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US Congress successfully pushed through a user-fee bill in 2017 to help smooth the regulatory path at FDA for medical devices and other products, but other efforts, including several industry priorities, remain undone. On top on the list, of course, is the effort to repeal the device excise tax. But legislation is also on the table to address diagnostics regulation, telehealth reimbursement, and medtech cybersecurity vulnerability, among other issues. Here is a look at the medtech landscape in Congress in 2018.
Latest From United States, Policy & Regulation
FDA and the US Department of Defense launched program to prioritize development of medical products for use in the battlefield. The program implements recently enacted compromise legislation that resolved a turf battle between the two agencies.
The agency slowed down its effort to require the overwhelming majority of medical devices to adopt Unique Device Identifiers with a a new guidance that would in delay full implementation of the UDI system for lower-risk devices.
A proposed coverage policy from the US Centers of Medicare and Medicaid Services would not only cover magnetic resonance imaging for patients with an implanted cardiac rhythm management device with an FDA-approved indication for MRI-compatibility, but will also cover MRI in patients with devices without that FDA labeling in certain circumstances.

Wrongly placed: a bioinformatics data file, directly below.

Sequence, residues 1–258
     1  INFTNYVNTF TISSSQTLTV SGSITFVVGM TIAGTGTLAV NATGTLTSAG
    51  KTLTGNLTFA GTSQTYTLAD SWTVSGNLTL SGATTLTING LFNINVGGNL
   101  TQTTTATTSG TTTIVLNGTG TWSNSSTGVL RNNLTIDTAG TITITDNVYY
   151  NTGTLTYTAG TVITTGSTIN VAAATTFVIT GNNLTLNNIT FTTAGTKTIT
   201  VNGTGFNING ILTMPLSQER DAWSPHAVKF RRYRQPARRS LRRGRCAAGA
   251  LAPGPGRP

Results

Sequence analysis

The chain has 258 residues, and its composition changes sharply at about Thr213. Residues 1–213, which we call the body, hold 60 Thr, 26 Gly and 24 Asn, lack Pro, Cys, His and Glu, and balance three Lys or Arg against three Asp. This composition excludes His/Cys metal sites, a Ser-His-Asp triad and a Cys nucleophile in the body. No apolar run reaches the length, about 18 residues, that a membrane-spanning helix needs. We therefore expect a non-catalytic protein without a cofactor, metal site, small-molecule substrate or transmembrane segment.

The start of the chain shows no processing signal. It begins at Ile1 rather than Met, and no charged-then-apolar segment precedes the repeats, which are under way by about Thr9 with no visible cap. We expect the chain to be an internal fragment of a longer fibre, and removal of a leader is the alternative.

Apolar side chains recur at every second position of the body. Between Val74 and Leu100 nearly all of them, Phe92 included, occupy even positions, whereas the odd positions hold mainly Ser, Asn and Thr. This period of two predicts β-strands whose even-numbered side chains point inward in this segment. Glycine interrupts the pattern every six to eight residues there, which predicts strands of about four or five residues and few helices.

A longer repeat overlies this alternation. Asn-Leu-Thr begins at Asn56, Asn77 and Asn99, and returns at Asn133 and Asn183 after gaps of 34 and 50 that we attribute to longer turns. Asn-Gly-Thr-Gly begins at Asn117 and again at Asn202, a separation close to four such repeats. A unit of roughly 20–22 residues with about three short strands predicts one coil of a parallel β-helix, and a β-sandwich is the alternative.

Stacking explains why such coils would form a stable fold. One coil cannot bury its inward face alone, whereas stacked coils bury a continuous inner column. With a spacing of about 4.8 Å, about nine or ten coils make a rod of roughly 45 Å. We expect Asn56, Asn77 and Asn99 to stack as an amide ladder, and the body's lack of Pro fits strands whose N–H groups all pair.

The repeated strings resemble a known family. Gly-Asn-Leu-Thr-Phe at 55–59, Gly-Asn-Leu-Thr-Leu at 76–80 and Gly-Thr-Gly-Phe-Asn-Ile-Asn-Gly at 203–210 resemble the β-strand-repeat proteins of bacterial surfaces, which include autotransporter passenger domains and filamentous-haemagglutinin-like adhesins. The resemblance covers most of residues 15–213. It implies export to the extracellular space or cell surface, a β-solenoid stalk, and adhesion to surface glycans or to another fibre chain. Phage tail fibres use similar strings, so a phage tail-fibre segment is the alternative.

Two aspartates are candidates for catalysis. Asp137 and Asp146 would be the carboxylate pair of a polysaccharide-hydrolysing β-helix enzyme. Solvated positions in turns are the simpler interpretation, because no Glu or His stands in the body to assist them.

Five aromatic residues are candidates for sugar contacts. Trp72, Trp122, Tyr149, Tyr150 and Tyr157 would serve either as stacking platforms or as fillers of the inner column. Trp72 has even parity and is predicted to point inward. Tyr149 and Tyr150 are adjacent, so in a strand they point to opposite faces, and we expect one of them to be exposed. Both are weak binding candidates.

Starting out 2018, Scott Gottlieb issued a new directive to US FDA staff outlining his priorities and vision. Among the directives is to promote digital health and diagnostics by creating efficient pathways for new products in the areas and focusing on technology to help consumers better track their health.
On this week’s podcast, Medtech Insight’s Sue Darcey and Shawn M. Schmitt discuss an intriguing analysis of legislation that could be completed in 2018 that will likely impact the medtech industry.
In a sign of the times, the Medical Imaging & Technology Alliance, a major medtech trade organization in Washington, DC, has established a new director position on cybersecurity and has hired someone to fill it. Zack Hornberger will lead MITA's efforts to develop positions on cybersecurity policy and standards.
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